Description: As the consumption of energy increases, its impact on ambient air quality has become a significant concern. Recent studies indicate that fine particles from coal combustion cause health problems as well as atmospheric visibility impairment. These problems are further compounded by the concentration of hazardous trace elements such as mercury, cadmium, selenium, and arsenic in fine particles. Therefore, a current need exists to develop superior, but economical, methods to control emissions of fine particles. Since most of the toxic metals present in coal will be in particulate form, a high level of fine- particle collection appears to be the best method of overall air toxics control. However, over 50% of mercury and a portion of selenium emissions are in vapor form and cannot be collected in particulate control devices. Therefore, this project will focus on developing technology not only to provide ultrahigh collection efficiency of particulate air toxic emissions, but also to capture vapor- phase trace metals such as mercury and selenium. Currently, the primary state-of-the-art technologies for particulate control are fabric filters (baghouses) and electrostatic precipitators (ESPs). However, they both have limitations that prevent them from achieving ultrahigh collection of fine particulate matter and vapor-phase trace metals. The objective of this project is to develop a highly reliable advanced hybrid particulate collector (AHPC) that can provide > 99.99 % particulate collection efficiency for all particle sizes between 0.01 and 50 14m, is applicable for use with all U.S. coals, and is cost-0443competitive with existing technologies. Phase I of the project is organized into three tasks: Task I - Project Management, Reporting, and Subcontract Consulting Task 2 - Modeling, Design, and Construction of 200-acfm AHPC Model Task 3 - Experimental Testing and Subcontract Consulting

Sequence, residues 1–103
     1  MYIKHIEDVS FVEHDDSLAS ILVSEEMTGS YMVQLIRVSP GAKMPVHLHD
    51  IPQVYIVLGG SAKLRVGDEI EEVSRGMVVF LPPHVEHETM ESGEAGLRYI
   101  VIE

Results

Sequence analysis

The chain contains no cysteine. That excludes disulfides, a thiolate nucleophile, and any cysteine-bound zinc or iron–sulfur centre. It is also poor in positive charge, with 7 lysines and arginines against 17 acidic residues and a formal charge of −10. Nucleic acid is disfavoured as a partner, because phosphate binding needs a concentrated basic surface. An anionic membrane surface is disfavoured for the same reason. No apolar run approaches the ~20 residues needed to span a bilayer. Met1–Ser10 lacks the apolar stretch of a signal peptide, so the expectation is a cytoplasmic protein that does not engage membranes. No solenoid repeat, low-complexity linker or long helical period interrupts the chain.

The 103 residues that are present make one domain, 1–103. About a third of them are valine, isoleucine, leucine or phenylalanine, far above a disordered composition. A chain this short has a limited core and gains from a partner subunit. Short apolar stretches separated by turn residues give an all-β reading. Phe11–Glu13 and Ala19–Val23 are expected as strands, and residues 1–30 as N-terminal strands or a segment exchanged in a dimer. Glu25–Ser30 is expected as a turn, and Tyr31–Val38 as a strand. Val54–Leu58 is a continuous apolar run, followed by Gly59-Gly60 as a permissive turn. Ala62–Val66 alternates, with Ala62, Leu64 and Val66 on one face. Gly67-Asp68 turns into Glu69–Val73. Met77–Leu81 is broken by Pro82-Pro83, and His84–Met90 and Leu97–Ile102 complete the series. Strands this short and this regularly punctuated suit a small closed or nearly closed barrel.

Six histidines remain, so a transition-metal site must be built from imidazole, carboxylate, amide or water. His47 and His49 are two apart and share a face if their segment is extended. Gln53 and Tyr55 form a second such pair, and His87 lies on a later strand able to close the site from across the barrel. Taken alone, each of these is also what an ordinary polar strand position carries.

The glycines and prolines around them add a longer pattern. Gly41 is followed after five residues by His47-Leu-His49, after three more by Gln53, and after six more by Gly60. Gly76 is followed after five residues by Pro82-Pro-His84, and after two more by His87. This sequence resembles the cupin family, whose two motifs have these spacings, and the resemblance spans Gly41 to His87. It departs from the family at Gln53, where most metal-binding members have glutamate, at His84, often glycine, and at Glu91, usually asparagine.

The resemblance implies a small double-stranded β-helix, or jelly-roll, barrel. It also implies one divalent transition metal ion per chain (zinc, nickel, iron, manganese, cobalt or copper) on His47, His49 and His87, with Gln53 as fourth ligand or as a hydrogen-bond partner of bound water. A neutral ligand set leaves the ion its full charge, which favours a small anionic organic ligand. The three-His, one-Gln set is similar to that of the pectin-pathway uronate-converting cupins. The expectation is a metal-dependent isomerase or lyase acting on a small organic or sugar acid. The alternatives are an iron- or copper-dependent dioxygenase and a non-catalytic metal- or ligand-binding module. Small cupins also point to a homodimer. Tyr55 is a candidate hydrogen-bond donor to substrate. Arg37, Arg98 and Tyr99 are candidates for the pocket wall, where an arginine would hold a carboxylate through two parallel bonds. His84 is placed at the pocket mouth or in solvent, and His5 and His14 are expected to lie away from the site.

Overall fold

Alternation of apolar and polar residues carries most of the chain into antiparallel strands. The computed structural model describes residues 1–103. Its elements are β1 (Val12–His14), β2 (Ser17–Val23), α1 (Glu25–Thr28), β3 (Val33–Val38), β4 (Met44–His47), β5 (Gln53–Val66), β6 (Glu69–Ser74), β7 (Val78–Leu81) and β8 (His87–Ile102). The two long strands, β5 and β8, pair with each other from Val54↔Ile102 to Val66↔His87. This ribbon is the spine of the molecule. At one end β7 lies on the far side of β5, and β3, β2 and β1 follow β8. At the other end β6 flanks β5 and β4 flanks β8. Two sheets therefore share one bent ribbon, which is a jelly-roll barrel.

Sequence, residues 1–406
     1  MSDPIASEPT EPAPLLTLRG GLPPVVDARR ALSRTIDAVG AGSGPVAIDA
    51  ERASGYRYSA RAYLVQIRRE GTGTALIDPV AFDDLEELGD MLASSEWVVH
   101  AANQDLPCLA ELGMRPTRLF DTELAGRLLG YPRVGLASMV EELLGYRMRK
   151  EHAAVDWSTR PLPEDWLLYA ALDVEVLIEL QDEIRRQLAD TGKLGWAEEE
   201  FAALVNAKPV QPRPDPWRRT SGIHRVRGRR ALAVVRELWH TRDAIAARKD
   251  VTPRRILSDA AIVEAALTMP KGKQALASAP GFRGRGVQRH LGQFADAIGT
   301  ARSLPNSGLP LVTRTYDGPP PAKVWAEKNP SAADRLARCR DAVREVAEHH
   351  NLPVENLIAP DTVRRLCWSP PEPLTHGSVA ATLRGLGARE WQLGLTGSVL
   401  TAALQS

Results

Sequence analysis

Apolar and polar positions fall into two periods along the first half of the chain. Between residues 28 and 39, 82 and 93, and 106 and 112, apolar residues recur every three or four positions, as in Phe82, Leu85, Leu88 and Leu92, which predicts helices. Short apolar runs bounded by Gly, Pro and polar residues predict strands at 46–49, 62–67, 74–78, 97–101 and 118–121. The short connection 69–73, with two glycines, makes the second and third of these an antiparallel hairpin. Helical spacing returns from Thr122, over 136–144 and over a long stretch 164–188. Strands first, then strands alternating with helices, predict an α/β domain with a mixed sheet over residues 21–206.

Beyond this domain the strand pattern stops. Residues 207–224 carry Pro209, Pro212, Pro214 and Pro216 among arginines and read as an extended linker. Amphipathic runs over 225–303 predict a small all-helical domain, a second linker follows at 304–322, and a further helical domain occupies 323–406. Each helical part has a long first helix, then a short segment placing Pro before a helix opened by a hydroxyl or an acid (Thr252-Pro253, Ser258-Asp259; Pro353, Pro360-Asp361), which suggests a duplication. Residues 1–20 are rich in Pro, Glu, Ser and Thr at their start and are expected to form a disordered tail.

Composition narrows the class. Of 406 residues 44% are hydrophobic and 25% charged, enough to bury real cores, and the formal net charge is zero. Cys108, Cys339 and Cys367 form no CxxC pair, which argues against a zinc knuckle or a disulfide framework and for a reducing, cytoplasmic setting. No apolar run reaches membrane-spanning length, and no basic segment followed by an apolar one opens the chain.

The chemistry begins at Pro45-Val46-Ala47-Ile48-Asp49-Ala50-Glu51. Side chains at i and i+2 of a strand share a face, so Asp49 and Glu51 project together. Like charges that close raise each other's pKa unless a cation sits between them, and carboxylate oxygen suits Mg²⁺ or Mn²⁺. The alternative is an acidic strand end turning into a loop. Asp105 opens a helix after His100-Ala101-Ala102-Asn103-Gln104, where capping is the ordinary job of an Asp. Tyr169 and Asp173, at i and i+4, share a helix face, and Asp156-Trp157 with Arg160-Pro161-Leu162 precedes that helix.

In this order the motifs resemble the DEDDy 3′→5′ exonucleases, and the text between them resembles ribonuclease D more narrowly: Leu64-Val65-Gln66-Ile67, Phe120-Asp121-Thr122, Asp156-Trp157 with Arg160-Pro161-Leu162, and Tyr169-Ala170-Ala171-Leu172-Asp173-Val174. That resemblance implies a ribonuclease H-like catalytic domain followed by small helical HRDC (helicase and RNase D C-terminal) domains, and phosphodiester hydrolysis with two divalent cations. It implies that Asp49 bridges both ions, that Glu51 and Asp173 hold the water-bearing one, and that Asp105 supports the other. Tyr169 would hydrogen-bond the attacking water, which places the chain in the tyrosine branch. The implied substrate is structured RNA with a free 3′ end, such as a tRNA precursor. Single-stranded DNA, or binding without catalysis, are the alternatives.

Date: November 1995
Creator: Miller, S. J.
Partner: UNT Libraries Government Documents Department

Tank farm restoration and safe operation, project W-314, upgrade scope summary report

Description: This revision of the Project W-314 Upgrade Scope Summary Report (USSR) represents a refinement of the project scope and supporting justification from which the Conceptual Design Report (CDR) was developed. It defines the actual upgrades and provides traceability to the requirement or driver for the activity.
Date: January 8, 1997
Creator: Jacobson, R. W.
Partner: UNT Libraries Government Documents Department

B Plant Transition Project Management Plan

Description: The mission of the B Plant Transition Project is to place B Plant and its ancillary facilities (refeffed to as B Plant throughout this document) in a safe and stable condition which requires minimal long term surveillance and maintenance (S&M), thereby reducing the risks associated with the current radiological and chemical inventory and the costs for S&M until disposition. Transition may include activities such as removal of stored radioactive and hazardous materials, safe shutdown of support systems such as electrical circuits and ventilation, and installation of new or modified systems required to support S&M for a 10 year period. The goal of this Project is to complete B Plant transition activities by September 30, 1998. During transition, the Waste Encapsulation and Storage Facility will be isolated from B Plant for stand alone operation. Upon completion of transition, B Plant will be turned over to the Office of Environmental Restoration (EM-40) for the S&M phase of B Plant decommissioning.
Date: May 6, 1996
Creator: Godfrey, S.D.
Partner: UNT Libraries Government Documents Department

Audit of the Department of Energy`s management of field contractor employees assigned to headquarters and other federal agencies